Home Depot, Inc. – Publicly Disclose Equal Employment Data (1999 – 2000)

Outcome: 10.5%

Equal employment opportunity is a key issue for many shareholders. The 1995 bipartisan Glass Ceiling Commission Study explains that a positive diversity record has a positive impact on the bottom line. Yet while women and minorities comprise 57% of the U.S. workforce, the Commission found that they represent only 3% of executive management positions.
Workplace discrimination has created a significant burden for shareholders due to the high cost of litigation, potential loss of government contracts, and the financial consequences of a damaged corporate image resulting from discrimination allegations. In several instances, including at Home Depot, the financial impact on shareholders has exceeded $100 million to settle discrimination lawsuits.
More than 150 major U.S. corporations now provide complete information on workforce diversity in public reports to their shareholders. Examples are Disney, Intel, K-Mart, May Department Stores, Merck, Monsanto, Sears, and Texaco. These companies and others provide reports describing diversity progress, challenges and detailed statistics. Often companies include this information in their annual reports.
RESOLVED: Shareholders request that the Board expand Home Depot’s annual Social Responsibility Report, at reasonable cost and omitting confidential information, to be made available to shareholders and employees by October 2000, to include:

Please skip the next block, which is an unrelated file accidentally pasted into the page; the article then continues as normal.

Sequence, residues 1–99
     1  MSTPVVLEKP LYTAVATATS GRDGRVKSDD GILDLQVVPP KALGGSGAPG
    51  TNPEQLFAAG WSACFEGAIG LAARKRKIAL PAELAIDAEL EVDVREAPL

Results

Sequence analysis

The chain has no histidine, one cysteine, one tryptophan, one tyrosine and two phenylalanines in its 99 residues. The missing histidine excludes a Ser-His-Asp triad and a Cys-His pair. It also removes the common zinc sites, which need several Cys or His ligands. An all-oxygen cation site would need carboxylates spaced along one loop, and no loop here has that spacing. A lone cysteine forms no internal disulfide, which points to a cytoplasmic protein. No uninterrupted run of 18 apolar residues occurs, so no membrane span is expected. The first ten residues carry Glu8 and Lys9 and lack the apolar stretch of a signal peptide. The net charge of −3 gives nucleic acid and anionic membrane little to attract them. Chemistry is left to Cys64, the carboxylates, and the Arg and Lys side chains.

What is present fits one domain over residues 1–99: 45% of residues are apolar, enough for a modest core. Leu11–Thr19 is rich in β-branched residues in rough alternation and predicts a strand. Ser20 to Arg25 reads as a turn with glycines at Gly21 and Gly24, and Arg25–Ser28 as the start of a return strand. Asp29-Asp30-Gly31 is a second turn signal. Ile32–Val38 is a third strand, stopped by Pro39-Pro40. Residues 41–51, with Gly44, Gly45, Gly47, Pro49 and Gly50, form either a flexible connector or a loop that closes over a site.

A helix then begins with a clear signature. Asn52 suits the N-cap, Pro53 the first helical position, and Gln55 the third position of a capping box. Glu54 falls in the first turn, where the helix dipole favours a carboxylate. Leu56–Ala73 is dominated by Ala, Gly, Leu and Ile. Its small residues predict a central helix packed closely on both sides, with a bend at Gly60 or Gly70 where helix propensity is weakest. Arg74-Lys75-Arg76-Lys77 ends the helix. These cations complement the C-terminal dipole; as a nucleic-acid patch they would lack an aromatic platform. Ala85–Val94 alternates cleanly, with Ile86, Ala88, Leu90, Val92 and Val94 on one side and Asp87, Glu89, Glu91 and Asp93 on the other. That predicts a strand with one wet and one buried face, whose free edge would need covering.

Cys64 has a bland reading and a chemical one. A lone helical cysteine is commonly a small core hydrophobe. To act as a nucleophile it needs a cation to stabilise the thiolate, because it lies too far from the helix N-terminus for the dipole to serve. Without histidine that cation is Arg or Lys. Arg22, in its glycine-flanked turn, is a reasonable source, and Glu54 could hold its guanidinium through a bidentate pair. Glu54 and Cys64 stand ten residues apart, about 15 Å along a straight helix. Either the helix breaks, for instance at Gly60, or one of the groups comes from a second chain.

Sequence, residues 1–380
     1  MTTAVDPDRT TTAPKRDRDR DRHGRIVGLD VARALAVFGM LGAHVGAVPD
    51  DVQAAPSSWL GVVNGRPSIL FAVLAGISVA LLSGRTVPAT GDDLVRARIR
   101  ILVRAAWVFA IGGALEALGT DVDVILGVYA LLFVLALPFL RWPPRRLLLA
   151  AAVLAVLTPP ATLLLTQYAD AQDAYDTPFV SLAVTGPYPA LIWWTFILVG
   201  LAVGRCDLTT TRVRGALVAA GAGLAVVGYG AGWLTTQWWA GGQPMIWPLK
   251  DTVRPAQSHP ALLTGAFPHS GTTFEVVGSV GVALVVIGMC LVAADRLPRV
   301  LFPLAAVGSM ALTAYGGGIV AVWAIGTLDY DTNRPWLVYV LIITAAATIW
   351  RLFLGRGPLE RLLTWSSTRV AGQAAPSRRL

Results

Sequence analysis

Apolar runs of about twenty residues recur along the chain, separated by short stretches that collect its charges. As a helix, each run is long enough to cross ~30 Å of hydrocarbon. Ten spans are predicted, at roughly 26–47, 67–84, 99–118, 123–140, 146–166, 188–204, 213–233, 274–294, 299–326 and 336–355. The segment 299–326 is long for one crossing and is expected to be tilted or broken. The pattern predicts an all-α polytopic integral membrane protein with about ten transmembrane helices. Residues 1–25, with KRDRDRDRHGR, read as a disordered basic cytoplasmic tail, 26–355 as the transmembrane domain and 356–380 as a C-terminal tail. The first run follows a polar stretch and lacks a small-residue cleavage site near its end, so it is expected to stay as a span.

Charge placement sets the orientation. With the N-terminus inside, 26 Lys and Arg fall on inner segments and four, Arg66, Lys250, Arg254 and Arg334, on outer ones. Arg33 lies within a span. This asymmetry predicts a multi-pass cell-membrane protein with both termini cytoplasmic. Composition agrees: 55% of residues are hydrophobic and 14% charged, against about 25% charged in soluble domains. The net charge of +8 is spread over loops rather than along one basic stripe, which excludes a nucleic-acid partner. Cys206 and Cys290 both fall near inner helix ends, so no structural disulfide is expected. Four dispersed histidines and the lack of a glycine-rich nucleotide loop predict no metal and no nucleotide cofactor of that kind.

1. A chart identifying the number and percentage of employees by gender and race in each of the nine Equal Employment Opportunity Commission defined job categories for 1999, 1998 and 1997.
2. A summary of policies and initiatives to advance equal opportunity for women and minorities into sales, managerial positions and other job classifications where they are found to be underutilized.
3. A report on any material litigation in which Home Depot is involved concerning race, gender or the physically challenged.
Over a dozen concerned institutional investors have filed this resolution urging Home Depot to be completely and publicly accountable for its efforts to achieve a discrimination-free workplace. Our investor coalition represents religious institutions, investment managers, mutual funds, as well as other organizations.
We congratulate Home Depot for taking an important step toward public accountability by including selected diversity data in its 1998 Social Responsibility Report. The information gives a broad picture of Home Depot s progress in meeting its diversity goals. But just as the Financial Accounting Standards Board sets the standards on how to report financial data, there are standards set forth by the Equal Employment Opportunity Commission (EEOC) on how to report diversity data. The data provided by Home Depot draw selectively from the job, gender and racial classifications that the EEOC has established, and in so doing, the report denies investors an adequate understanding of Home Depot s progress. Since the company already collects the data in the EEOC format, it would not be burdensome to include this information in its Social Responsibility Report.
We believe Home Depot aspires to real leadership on this issue and that it is making meaningful progress toward that end. Full disclosure is a powerful incentive for companies to achieve their equal opportunity objectives. Such accountability symbolizes management s strong dedication to a diverse workforce.

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